It is always different; the way a White House informs you that you have the President of the United States for an interview. Sometimes it’s a call to warn an important call is coming, and you better agree to the conditions. Often it is four to six people calling to claim credit for making the interview happen. But, as in most things with Obama, this is a drama free process: just an email asking where you can be reached. This email is from Dan Pfeiffer, deputy communications director of the Obama White House, and the cool and collected center of the daily press hub since the beginning of the campaign.
Newsweek, along with everyone else, had a request in to the White House to get more of President Obama’s words on the record. The interview is for Jon Meacham, named Newsweek editor at 29, now just 40. Meacham is a poet-historian and, like Obama, a bestselling author. Pfeiffer’s email advises that we will get our interview and it will be on Air Force One. Despite no video or audio, we were pleased and I reply, “We are in.” There was a quick handover to the operations folks for details of the trip to Phoenix for the President’s commencement address at Arizona State University.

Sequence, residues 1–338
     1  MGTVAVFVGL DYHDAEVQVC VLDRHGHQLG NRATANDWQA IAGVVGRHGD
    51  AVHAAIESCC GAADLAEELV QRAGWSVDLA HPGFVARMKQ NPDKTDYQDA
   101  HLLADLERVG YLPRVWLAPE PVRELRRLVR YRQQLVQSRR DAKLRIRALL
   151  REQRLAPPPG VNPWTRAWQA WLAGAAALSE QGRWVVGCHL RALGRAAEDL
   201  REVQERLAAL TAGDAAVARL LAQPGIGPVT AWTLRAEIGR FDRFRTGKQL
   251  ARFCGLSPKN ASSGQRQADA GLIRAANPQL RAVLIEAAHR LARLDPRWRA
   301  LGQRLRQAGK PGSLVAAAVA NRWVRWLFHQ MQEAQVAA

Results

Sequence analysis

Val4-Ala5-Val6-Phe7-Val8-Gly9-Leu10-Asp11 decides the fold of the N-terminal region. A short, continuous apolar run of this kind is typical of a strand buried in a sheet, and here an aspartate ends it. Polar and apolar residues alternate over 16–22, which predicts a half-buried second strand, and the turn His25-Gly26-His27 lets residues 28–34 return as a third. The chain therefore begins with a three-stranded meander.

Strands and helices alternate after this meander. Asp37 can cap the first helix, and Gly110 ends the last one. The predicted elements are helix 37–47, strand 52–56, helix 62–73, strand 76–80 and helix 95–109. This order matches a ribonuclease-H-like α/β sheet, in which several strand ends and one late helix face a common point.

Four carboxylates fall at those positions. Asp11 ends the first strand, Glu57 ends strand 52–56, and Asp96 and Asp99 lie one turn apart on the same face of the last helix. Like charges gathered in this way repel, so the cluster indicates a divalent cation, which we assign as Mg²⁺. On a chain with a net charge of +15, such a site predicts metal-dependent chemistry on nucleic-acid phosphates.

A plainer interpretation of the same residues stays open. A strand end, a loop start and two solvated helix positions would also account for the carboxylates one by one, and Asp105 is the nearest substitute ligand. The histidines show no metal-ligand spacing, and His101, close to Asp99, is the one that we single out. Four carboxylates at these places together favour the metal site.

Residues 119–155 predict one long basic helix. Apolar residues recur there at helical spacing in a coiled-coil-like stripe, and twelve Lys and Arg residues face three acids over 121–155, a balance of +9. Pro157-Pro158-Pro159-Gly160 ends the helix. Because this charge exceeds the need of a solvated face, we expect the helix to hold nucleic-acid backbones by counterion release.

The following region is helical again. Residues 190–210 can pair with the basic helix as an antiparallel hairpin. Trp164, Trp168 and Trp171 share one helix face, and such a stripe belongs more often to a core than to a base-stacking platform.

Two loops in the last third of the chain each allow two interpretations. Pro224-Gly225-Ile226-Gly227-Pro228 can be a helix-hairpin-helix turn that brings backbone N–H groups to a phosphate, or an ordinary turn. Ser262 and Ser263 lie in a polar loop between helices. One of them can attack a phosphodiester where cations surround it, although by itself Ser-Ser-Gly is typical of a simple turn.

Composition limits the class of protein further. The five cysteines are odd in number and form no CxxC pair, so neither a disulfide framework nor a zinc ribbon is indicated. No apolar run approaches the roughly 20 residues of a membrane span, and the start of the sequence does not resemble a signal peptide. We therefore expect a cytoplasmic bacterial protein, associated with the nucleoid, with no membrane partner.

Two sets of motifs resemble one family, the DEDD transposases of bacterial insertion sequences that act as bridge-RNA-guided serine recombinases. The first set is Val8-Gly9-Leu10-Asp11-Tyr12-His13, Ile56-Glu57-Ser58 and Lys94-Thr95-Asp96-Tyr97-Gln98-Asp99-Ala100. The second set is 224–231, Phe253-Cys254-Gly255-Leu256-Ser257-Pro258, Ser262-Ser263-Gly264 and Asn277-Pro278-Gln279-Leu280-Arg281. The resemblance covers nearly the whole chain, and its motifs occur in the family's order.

I ask Meacham if he’s ever been on Air Force One, and he said only at the Reagan Library. My only time was during my stint running MSNBC’s 2004 election coverage when 30 Rock was transformed into “Democracy Plaza,” — a piece of an Air Force One plane was part of the plaza-wide exhibition.
Meacham and I meet up with Newsweek star photographer Khue Bui, a White House press corps veteran and delightful campaign trail mate, who will round out the Newsweek Air Force One team. We arrive at Andrews Air Force Base looking like the desk jockeys we are; editors and producers aren’t usually allowed out of their bureaus.
We watch as the entire White House traveling press corps arrives for a security check; however, they’ll be traveling on the press charter plane departing ahead of Air Force One.